Medicare open season is approaching and that means you are soon going to be able to enroll or change your coverage. Especially for those turning 65 this year, you need to investigate what the Medicare options are and what’s best for you.
So What Does Medicare Cover?
Medicare has different parts you can purchase.
PART A covers hospital care, skilled nursing care, hospice, and some home health care. Premiums are based on Social Security credits, so those with more than 10 years of work history get this part for free. You will also have to pay copays and deductibles, so you will have out of pocket costs.
PART B covers outpatient care, preventative care, and doctors visits. Part B premiums are set to rise this year, by up to 52%. This part will also have copays, deductibles, and coinsurance.
PART C is the Medicare Advantage plan. It substitutes for parts A and B and has similar coverage. The Advantage plan has limits on out of pocket expenses, but at the same time usually has higher copays and coinsurance. The network of doctors and hospitals you have access to also tends to be more limited, however the plan does sometimes cover dental and vision services, which parts A and B do not.
Part D covers prescription drugs.
In addition, many private insurance companies offer Medigap insurance, to cover additional types of care which traditional Medicare does not. The premiums on Medigap vary greatly depending on the provider, your age, gender, health, and other factors.
Then What’s Best For Me?
There is much to consider when choosing a Medicare plan. First of all, you need to be honest about your health. What kind of care will you need? Those who are young and healthy may find the Advantage plan to be the cheapest option.
What is your family medical history? If you know you have a predisposition for certain health problems, you need to consider even though you are healthy now, you may not be in the future. In which case, it may be better to elect for traditional Medicare parts A, B, and D and then purchase additional Medigap insurance. Medigap may give you access to a wider network of physicians and hospitals, and may not require you to have medical operations approved by the insurance company as traditional Medicare does.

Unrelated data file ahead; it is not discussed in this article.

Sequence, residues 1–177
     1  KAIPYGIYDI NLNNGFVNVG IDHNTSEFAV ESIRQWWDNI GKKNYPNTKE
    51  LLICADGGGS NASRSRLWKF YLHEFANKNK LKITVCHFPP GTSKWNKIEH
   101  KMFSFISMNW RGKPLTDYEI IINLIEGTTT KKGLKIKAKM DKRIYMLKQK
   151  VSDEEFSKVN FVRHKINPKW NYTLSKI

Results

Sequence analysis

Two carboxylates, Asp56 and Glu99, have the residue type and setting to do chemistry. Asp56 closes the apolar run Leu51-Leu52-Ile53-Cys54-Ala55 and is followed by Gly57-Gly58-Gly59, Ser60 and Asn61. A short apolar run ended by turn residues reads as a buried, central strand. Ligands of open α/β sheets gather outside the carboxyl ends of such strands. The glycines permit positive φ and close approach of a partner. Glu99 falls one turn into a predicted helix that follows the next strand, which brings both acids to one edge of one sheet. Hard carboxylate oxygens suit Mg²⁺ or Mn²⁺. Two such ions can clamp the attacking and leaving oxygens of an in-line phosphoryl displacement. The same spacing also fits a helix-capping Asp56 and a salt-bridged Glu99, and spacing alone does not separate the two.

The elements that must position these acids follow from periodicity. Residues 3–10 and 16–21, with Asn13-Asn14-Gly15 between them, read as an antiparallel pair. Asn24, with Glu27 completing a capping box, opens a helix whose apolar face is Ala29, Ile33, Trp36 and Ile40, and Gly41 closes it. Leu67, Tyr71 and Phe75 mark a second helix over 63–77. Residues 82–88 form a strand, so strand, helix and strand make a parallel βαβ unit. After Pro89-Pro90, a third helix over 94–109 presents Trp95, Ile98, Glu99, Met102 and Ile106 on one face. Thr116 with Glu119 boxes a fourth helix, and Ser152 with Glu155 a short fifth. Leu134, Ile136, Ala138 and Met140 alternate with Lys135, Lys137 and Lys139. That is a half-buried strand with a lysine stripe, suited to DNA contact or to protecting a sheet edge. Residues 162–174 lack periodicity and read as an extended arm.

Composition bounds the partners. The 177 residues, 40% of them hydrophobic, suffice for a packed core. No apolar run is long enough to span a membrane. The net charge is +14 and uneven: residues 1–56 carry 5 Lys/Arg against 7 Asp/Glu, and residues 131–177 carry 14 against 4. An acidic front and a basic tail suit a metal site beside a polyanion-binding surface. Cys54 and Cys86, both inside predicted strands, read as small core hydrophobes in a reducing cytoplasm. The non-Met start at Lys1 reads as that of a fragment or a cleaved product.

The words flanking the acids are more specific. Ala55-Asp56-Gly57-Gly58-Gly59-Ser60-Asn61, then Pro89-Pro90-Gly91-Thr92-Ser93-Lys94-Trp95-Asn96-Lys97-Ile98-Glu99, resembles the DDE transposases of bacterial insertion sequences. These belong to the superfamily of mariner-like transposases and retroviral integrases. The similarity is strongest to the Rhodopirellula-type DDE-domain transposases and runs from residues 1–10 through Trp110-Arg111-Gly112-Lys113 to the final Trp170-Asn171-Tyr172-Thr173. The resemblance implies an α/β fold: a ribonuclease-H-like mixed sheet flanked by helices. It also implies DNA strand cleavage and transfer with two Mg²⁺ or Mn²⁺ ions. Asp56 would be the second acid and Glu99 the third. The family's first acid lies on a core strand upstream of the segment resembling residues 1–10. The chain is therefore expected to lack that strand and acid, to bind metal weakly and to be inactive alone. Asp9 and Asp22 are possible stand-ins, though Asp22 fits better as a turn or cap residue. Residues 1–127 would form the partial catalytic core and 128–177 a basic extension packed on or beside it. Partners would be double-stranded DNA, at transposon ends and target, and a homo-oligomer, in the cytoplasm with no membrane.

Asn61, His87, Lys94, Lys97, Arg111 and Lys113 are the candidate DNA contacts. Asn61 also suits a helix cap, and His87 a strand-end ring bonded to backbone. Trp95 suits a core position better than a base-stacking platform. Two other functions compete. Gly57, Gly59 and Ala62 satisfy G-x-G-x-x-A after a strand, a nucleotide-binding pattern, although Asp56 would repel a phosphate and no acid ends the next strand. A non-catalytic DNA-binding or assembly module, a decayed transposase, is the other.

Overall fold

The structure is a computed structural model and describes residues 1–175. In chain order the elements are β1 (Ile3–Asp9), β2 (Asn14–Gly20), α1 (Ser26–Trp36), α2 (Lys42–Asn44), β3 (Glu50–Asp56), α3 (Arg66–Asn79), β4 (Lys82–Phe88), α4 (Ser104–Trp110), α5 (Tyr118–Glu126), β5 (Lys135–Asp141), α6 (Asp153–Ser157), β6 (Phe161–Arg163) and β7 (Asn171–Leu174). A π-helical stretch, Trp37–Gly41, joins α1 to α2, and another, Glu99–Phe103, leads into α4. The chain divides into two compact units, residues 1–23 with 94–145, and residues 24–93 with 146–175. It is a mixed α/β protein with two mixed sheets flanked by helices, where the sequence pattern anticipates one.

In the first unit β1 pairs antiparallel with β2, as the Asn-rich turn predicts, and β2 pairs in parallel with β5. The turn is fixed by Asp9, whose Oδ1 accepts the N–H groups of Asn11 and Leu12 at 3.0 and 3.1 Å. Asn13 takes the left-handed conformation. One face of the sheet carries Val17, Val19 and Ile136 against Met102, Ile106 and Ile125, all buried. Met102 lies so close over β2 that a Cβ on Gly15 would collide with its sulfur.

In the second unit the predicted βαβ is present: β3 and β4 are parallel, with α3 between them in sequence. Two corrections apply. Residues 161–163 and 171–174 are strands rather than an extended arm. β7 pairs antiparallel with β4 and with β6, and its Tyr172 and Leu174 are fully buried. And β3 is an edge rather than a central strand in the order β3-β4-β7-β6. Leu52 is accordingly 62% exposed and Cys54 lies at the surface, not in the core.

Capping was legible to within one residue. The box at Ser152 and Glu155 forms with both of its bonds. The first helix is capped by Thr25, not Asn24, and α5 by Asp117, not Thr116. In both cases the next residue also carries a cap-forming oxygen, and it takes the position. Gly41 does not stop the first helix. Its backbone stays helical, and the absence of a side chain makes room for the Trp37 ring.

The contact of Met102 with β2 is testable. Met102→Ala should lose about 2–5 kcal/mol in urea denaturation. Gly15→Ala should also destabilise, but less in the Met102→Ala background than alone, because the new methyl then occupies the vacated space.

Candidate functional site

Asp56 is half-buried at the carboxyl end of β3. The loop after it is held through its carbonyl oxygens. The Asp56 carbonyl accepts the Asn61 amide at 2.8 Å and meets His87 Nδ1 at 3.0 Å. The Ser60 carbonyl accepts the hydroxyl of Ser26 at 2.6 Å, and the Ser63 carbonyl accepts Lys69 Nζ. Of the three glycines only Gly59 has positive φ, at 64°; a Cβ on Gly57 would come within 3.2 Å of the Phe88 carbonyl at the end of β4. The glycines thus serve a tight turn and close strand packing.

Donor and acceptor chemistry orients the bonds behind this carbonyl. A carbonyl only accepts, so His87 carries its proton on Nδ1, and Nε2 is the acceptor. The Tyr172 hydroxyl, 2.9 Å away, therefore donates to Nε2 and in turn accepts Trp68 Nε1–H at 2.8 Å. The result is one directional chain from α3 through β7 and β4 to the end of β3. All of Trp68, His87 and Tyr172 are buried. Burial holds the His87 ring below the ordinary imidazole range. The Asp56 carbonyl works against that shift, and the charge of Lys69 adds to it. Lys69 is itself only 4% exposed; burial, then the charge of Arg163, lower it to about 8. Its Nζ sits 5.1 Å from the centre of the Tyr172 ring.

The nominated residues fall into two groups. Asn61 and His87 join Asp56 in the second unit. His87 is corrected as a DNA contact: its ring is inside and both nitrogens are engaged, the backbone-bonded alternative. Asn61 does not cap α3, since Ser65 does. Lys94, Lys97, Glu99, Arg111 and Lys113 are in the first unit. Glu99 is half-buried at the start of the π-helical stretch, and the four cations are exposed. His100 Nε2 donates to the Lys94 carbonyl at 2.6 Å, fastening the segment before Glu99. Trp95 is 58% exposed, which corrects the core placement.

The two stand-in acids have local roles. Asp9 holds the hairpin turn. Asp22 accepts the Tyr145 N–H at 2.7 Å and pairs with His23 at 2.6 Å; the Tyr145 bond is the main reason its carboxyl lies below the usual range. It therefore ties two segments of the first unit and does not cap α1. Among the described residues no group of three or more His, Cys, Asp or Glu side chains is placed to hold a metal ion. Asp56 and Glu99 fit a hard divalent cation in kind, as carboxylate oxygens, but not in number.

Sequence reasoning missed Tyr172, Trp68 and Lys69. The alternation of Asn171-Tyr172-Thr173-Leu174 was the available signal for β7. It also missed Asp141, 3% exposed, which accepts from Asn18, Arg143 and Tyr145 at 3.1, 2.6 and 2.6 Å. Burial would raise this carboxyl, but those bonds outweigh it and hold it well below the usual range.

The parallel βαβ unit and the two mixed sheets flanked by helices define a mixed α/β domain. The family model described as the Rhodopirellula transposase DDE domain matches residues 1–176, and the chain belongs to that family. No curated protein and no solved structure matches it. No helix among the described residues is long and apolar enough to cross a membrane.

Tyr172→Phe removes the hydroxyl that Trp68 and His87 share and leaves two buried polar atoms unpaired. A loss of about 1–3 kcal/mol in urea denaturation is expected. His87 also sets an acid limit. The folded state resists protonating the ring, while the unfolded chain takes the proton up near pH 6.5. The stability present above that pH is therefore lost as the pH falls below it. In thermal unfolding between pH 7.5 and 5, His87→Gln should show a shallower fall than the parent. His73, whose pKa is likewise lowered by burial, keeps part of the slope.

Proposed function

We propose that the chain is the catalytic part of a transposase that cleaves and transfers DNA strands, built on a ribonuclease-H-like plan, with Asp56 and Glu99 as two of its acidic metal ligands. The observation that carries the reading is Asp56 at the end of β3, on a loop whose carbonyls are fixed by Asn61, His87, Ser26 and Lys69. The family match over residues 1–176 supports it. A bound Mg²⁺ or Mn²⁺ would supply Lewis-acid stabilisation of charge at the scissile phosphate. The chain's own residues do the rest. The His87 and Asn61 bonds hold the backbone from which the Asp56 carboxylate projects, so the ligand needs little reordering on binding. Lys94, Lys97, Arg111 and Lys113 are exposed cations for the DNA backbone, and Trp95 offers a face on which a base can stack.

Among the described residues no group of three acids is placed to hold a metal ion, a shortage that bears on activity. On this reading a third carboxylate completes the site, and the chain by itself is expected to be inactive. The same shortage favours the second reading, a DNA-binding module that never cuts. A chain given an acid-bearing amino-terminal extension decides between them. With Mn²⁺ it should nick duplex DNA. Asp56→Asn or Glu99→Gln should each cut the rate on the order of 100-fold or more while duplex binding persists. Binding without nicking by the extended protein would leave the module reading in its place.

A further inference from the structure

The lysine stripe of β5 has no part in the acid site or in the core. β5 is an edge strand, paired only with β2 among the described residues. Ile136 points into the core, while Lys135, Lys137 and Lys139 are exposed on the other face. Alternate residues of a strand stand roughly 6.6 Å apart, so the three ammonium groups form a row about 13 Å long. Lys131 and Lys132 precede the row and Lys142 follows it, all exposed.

Be honest about your financial situation. Can Medigap fit into your financial plan? If so, it may be the best option. Medicare parts A and B may be cheaper when looking at premiums, but the out of pocket costs could be a lot. A and B have no limit on what you could pay out of pocket. For example, if you were to be hospitalized for more than 60 days, for each day of the benefit period you would have a $315 coinsurance payment.
Finally, consider other health related costs. One in five will spend at least $25,000 out of pocket on long term care in their lifetime. A room in a nursing home can cost up to $70,000 annually. Medicare does NOT cover long term care.
You need to carefully consider your Medicare plan. Know your options. Consider your finances, health, and potential future health related costs before making any decision on what plan is best for you. Being knowledgeable of your options, and reflective of your own situation, will help you make the right choice.